Trotter on the damage Labour inflicted upon themselves

Chris Trotter explains the damage Labour have caused themselves in the past week:

WHAT AN EXTRAORDINARY WEEK it’s been! Two years of exemplary discipline within Labour’s ranks have been unceremoniously ditched in favour of rank insubordination and revolt. Poto Williams’ intervention and its aftermath have left Andrew Little’s carefully cultivated image of unity and loyalty in tatters. No amount of “robust and honest conversation” can hide the fact that a depressingly large number of Labour Party members would like nothing more than to punch their supposed “comrades” in the face.

Williams’ decision to publicly challenge Little’s recruitment of Willie Jackson represents the breaching of a dam behind which huge amounts of anxiety and anger has been building up since November 2014.

Andrew Little showed just how dopey he was by first pushing for Willie Jackson, then defending him when under attack, then walking back promises made to Willie Jackson.

Caucus last Tuesday was a nasty and raucous affair.

Andrew Little walked into the caucus room thinking he could cow his caucus with threats. He had no reason to doubt he would succeed. It is after all the modus operandi of a union boss.

Unfortunately, he ran into a well organised semi-coup against his leadership and it shocked him to his core. He was left in no uncertain terms that his position of forcing a non-member (at that stage) ahead of the queue on list rankings was untenable and unconstitutional.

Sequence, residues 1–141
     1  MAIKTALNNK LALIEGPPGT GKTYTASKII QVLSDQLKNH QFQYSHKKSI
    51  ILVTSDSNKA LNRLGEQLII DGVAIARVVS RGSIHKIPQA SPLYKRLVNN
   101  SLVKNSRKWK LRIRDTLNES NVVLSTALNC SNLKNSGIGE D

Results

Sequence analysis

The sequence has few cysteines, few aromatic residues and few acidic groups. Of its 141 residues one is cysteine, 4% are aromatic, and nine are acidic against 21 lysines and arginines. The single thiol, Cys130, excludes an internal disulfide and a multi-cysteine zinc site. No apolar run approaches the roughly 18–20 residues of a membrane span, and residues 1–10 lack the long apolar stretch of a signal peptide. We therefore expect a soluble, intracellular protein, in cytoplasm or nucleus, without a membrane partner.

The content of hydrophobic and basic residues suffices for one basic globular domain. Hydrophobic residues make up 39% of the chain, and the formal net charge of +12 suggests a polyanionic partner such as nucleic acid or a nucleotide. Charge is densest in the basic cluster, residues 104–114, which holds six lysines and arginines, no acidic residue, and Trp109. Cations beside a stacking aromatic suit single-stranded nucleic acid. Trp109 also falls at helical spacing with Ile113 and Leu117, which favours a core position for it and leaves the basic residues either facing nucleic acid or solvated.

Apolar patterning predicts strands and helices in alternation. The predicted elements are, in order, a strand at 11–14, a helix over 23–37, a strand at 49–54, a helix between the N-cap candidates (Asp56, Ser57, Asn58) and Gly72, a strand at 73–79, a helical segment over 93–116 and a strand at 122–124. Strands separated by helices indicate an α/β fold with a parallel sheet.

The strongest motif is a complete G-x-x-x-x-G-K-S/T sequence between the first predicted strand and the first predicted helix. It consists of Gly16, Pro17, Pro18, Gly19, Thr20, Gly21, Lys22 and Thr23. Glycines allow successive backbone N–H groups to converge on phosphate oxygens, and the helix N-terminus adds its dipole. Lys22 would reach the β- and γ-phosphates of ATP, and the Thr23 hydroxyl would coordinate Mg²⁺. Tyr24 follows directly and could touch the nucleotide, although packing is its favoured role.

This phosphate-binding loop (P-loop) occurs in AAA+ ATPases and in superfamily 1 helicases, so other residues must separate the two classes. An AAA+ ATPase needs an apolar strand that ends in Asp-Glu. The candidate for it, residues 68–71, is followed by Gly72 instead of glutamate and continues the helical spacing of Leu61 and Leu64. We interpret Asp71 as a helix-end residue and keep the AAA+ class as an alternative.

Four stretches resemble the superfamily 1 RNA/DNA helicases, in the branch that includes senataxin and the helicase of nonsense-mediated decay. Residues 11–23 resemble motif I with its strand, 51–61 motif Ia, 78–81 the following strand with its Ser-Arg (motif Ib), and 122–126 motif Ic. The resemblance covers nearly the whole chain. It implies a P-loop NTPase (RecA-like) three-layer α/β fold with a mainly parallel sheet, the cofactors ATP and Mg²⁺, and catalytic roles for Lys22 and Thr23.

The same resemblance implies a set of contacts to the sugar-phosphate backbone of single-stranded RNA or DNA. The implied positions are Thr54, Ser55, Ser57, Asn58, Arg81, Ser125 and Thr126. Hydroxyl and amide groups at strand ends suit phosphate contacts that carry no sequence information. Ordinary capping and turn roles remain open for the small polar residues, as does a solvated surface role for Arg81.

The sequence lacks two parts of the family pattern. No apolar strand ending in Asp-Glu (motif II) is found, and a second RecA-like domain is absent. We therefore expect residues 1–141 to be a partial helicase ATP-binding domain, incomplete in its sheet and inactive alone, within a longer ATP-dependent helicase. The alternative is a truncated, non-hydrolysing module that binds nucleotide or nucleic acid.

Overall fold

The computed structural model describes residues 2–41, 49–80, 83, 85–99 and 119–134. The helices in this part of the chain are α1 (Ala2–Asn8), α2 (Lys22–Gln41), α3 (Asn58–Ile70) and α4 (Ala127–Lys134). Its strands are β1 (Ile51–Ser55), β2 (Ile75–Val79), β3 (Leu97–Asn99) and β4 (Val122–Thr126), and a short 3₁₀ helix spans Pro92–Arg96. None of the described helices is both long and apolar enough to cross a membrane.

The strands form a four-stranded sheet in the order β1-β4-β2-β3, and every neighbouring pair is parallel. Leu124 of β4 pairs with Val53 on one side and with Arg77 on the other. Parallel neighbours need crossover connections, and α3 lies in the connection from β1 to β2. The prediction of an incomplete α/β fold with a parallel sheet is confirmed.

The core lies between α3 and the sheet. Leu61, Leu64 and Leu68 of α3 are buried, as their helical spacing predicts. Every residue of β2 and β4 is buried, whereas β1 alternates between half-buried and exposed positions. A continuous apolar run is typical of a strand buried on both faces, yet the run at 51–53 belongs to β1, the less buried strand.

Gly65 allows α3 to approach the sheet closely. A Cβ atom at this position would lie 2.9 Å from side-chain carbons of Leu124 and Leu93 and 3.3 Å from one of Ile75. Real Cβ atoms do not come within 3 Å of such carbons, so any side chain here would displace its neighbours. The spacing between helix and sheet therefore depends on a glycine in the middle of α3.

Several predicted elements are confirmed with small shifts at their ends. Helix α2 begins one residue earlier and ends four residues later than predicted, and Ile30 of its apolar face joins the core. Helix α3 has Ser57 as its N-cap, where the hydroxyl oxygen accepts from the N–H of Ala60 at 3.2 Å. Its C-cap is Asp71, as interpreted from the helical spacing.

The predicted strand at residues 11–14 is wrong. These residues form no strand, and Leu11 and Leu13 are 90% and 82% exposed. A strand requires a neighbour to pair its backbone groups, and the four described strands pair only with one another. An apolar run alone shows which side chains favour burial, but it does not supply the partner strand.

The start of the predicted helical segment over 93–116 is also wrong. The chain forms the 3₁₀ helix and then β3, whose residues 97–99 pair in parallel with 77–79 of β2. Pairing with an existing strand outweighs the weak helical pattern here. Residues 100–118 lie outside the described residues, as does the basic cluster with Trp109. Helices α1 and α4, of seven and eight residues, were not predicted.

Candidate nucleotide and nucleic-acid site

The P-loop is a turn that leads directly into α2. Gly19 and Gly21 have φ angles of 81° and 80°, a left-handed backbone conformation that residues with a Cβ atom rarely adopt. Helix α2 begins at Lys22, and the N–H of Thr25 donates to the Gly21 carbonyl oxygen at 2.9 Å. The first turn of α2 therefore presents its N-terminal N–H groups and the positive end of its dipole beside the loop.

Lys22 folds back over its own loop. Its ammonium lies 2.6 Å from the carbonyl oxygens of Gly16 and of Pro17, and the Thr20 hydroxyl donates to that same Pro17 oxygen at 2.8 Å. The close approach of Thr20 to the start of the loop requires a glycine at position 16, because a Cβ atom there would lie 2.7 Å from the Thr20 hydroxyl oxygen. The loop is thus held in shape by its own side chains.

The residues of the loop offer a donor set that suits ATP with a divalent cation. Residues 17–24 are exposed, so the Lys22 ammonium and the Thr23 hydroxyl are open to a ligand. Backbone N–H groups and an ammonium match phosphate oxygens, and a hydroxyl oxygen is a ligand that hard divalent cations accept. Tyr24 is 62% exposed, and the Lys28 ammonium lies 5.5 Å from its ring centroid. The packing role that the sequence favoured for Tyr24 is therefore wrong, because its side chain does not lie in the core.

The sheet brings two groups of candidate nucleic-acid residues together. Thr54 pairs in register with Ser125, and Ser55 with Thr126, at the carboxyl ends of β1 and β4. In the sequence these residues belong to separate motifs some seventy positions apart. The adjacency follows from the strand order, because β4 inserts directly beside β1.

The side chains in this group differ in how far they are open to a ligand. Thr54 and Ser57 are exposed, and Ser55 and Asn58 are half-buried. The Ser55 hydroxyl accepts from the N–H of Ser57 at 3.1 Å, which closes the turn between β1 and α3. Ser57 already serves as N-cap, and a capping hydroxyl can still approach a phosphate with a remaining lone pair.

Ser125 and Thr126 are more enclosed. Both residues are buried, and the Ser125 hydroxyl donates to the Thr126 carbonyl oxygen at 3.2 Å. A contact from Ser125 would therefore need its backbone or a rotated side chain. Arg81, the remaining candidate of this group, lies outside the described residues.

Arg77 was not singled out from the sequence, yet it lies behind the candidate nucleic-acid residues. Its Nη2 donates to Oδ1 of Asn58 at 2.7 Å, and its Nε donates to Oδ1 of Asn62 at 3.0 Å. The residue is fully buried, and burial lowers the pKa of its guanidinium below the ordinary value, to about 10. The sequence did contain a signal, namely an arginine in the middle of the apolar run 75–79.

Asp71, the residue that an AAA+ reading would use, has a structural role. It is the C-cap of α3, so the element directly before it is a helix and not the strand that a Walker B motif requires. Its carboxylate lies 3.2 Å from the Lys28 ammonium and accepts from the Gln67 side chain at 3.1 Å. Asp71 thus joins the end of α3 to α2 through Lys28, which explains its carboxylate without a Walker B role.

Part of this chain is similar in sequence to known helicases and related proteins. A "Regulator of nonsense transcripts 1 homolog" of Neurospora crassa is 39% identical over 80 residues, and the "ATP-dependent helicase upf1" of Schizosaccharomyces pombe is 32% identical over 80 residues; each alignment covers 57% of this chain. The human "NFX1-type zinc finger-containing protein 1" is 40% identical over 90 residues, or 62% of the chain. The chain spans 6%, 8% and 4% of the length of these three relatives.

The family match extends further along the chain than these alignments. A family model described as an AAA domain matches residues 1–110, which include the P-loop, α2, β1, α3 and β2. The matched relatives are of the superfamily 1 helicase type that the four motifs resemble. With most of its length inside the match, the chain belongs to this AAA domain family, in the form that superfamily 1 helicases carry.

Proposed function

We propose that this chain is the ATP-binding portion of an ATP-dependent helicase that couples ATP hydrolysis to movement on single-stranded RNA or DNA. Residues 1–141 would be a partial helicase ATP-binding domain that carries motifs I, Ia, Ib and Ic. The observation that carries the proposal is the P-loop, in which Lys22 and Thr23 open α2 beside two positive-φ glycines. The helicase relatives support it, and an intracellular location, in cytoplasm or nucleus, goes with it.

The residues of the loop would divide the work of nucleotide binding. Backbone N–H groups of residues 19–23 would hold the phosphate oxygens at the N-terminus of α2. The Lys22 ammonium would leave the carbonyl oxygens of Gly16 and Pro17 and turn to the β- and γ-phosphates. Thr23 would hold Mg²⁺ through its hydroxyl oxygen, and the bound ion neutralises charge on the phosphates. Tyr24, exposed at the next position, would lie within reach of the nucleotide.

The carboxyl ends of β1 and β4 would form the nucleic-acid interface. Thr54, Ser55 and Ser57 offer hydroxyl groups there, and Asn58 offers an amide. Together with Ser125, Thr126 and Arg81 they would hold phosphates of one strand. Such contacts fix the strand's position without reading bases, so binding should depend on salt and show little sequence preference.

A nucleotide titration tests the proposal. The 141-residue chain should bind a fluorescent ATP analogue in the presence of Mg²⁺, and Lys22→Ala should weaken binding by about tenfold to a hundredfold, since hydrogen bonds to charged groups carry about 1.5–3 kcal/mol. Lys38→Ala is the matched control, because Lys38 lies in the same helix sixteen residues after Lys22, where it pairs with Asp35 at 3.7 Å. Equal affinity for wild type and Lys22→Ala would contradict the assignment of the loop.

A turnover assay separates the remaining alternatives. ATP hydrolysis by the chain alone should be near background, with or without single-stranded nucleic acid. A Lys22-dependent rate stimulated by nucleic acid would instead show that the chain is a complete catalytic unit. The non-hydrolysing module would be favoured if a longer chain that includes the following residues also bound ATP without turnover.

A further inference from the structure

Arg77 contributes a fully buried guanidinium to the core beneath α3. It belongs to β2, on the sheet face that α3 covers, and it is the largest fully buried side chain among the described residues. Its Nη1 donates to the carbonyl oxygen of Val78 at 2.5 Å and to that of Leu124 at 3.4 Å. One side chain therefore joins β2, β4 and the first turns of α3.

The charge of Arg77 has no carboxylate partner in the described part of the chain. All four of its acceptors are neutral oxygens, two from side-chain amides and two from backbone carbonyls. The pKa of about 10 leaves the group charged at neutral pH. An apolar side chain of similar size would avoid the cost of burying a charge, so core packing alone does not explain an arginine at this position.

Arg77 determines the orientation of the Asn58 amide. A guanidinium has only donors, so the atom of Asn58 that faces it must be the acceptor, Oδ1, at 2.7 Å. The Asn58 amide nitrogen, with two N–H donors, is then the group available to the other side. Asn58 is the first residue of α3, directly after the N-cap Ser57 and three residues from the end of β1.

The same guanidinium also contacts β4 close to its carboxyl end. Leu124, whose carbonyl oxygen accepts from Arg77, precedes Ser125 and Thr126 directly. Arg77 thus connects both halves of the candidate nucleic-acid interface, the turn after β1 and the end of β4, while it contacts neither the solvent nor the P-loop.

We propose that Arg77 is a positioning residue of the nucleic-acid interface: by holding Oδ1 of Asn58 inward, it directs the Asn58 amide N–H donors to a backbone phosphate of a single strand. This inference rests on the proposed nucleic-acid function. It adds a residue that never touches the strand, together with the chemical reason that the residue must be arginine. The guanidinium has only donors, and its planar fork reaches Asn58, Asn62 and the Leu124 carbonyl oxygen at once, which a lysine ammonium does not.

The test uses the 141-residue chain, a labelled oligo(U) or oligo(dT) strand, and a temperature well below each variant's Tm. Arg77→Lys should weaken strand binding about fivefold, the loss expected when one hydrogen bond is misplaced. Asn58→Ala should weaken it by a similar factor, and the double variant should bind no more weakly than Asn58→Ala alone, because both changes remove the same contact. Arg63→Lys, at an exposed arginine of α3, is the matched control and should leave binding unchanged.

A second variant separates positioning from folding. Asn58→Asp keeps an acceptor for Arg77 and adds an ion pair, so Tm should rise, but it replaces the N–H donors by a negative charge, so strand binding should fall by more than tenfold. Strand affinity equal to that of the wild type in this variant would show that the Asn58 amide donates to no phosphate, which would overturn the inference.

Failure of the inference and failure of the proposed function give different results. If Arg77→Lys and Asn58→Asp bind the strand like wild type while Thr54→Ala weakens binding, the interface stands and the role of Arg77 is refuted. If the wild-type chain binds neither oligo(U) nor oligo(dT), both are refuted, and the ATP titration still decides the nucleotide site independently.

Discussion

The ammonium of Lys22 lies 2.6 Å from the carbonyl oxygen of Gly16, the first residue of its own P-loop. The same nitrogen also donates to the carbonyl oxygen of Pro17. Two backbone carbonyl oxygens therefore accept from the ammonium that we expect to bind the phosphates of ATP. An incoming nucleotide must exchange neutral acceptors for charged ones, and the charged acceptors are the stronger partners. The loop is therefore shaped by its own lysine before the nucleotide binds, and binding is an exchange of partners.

Sure he blustered and threatened but last week’s caucus showed Andrew Little that his tenure as leader is on a knife edge right now. He had little choice other than to back down, and in doing so he empowered his caucus against him.

Previously, it was conventional wisdom that Andrew Little would last until the next election at least. After Tuesday’s caucus meeting there is small talk about a Moore solution and the timing of such a solution. Labour now realises that, despite the bravado of its leadership, victory in this year’s election is far from assured and likely in fact to have disappeared on them. They therefore need someone to arrest the decline. The only problem with such a course of action is finding someone to take one for the team.

Labour finished the week in disarray and they managed to make a hopeless Prime Minister look sensible and considered.

The only way Labour could have made it worse was to engage Michelle Boag to tell the media that the attacks on Willie Jackson were because he was coffee-coloured.


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As much at home writing editorials as being the subject of them, Cam has won awards, including the Canon Media Award for his work on the Len Brown/Bevan Chuang story. When he’s not creating the news, he tends to be in it, with protagonists using the courts, media and social media to deliver financial as well as death threats.

They say that news is something that someone, somewhere, wants kept quiet. Cam Slater doesn’t do quiet and, as a result, he is a polarising, controversial but highly effective journalist who takes no prisoners.

He is fearless in his pursuit of a story.

Love him or loathe him, you can’t ignore him.

To read Cam’s previous articles click on his name in blue.